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Change of the Accountability Concept in the Accounting Standard for PICs in Japan: Accountability, To Whom and For What?

Fri, July 1, 3:30 to 5:00pm, Campus Ersta, Sal 2

Abstract

In Japan, a major reform of the legal framework of Public Interest Corporations (PICs) took place in 2006. Responding to the reform, the accounting standard was issued by the Public Interest Corporation Commission of the Cabinet Office in 2008, based on the prior accounting standard of 2004. This 2004 standard did change the accounting framework of PICs from the stewardship accounting to the decision usefulness accounting drastically, and established the objectives of general purpose external financial reporting. It was introduced to improve the accountability and transparency as a whole. Since the current accounting standard is based on the 2004 standard, we need to evaluate it whether the standard really improve the accountability and transparency of PICs activities.

The accounting and financial reporting regime in Japan have been influenced by the ones of the United States in general. The US nonprofit accounting shifted the accounting framework from the stewardship responsibility to the usefulness for making decisions, and set up the objective of the general purpose financial reporting and the standards until 1990s. In the evolution of nonprofit accounting, it should be questioned how the financial reporting has improved the accountability and transparency of nonprofits. This is also true for charities in England (Cordery & Baskerville, 2007; Cordery, 2013).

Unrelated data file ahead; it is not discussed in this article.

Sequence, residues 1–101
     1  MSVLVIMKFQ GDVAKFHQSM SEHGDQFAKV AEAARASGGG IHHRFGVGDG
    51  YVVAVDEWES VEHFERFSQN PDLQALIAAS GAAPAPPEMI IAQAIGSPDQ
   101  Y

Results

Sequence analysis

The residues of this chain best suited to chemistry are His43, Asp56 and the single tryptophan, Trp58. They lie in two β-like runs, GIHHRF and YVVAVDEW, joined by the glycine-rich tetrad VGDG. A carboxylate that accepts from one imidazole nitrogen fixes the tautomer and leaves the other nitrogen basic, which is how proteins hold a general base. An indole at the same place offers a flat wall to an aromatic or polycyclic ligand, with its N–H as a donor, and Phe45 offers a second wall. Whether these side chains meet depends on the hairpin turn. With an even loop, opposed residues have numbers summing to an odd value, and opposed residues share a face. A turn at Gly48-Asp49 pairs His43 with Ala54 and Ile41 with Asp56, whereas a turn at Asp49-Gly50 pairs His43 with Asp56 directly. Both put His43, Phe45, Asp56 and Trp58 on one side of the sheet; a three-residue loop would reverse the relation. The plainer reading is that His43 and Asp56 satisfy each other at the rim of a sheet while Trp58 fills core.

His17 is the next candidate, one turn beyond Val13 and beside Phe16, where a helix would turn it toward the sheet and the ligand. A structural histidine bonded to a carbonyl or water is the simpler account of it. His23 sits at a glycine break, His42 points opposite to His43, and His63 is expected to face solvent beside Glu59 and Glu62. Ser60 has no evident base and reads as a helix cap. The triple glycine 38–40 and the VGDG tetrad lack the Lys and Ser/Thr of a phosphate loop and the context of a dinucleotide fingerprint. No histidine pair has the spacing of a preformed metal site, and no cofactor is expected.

Applying the normative approach, this paper analyzes the 1985 and 2004 PICs’ accounting standards in Japan to evaluate how the change of accounting standard brought the improvement of accountability and transparency as intended. This analysis is based on the decision usefulness theory of financial information, which attempts to describe accounting as a process of providing the relevant information to the relevant decision makers such as shareholders and investors (AAA, 1966). All of the accounting standard setters such as FASB (US) and IASB have been adopting this theory in setting the accounting standards. Even in nonprofit accounting, this theory has been widely adopted (cf. FASB, 1980).

This paper argues that the purpose of financial information provided on the financial report was changed from the management purpose to general purpose (Saito, 2011). For example, Documents such a budget and an income and expenditure account statement were excluded from the 2004 standard. To check directly whether a subsidy from the government for a certain use was used for the specified purpose, cash basis accounting is very significant. These documents are crucial for discharging the accountability.

One of the findings of this paper is that the concept or content of accountability has been changed: from the specific to the general. The 2004 standard is for general purpose external reporting, and various stakeholders are considered, thus the accountability concept becomes vague, although the 1985 standard was for management purpose, and the accountability was discharged by donors and regulatory agencies. This analysis may apply to other countries’ accounting standard since the general purpose reporting is one of outcomes of international harmonization process of accounting.

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